By Margarita Williamson, Trending Writer
Technology has impacted the medical field in every way possible. Medical instruments, machines, procedures, and all around patient care has significantly improved because of advancements in technology. Constant advancements in technology make everything seem possible even the concept of healing damaged tissues and organs. Today, 3D printers can be used to print toys, car parts, prosthetics, and anatomical organs among many other things.
Regenerative medicine is working to restore function and structure to damaged tissues and organs. Last year, Discover Magazine’s March issue had a piece on Doctor Anthony Atala who heads the Wake Forest Institute for Regenerative medicine. According to Discover Magazine, In 2001 Dr. Atala created a brand-new bladder for ten year old Luke Massella made from Massella’s own cells. Atala’s bladder technology worked in seven children, including Massella. It has been thirteen years since those bladders saved those children, but the procedure has not been approved for general use. In a TED talk, Atalla printed a kidney and showed it to the crowd. He also discussed the advancements in 3D printing abilities. However, he has not confirmed how long it will be until transplanting a solid organ into a human will be possible. “For the purposes of using a kidney, Atala uses a printer cartridge loaded with human cells rather than ink, and a 3-D kidney shaped substrate of collagen instead of paper. The printer, guided by computer imaging, drip cells, layer by layer, over a 3-D scaffold, and the inert mold comes to life.” Atala’s TED talk has been seen online by millions of people.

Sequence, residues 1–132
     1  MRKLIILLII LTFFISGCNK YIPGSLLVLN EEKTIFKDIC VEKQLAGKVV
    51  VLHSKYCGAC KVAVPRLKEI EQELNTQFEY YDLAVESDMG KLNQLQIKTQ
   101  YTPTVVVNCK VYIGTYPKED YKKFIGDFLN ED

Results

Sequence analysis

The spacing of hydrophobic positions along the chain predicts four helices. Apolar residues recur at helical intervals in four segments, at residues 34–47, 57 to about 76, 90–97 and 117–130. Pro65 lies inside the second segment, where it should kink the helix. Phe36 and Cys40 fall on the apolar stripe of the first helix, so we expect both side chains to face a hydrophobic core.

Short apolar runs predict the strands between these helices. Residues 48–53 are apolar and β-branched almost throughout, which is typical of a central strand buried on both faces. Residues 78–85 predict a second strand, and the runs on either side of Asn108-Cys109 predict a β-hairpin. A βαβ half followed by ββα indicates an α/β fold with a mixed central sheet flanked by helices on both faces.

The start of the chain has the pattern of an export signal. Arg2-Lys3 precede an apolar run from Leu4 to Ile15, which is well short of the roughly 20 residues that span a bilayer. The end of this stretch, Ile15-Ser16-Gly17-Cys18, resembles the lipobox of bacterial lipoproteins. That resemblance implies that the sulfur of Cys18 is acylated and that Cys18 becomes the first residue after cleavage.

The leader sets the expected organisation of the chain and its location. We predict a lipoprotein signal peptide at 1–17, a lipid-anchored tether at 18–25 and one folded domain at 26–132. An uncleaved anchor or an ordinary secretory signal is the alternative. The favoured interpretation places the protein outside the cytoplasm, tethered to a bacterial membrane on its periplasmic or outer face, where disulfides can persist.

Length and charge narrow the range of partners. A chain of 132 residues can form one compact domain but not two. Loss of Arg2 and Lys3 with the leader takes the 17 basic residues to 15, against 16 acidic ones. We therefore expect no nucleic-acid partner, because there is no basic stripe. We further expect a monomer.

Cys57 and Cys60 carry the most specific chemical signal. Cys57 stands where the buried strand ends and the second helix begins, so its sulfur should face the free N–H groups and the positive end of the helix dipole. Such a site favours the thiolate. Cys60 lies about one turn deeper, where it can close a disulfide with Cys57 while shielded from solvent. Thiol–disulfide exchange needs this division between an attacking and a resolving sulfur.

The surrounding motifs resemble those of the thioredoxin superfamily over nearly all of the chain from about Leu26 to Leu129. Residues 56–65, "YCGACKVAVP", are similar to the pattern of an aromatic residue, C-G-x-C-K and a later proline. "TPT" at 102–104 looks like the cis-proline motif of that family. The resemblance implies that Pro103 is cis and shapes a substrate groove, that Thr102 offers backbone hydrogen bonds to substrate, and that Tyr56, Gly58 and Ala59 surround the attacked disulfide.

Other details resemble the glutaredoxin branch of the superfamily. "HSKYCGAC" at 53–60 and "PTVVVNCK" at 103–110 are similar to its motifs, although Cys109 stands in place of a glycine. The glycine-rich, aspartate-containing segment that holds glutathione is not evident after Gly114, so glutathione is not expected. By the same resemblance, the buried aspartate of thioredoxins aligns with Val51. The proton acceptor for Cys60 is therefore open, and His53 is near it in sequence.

The use of a 3D printer comes with life changing medical advancements, but there are also negative aspects to it. As 3D printers and scanners become cheaper, more people would have access to them. People would be able to print dangerous items. Intellectual property rights would be challenged when 3D printers are more accessible. Most concerns regarding 3D printing are valid; the advancement is both exciting and terrifying. Despite this, the possibilities of giving people the opportunity to have their organs and tissue repaired outweigh all the negative aspects that come with 3D printing.
A version of this article appeared in the Tuesday, April 12th print edition.
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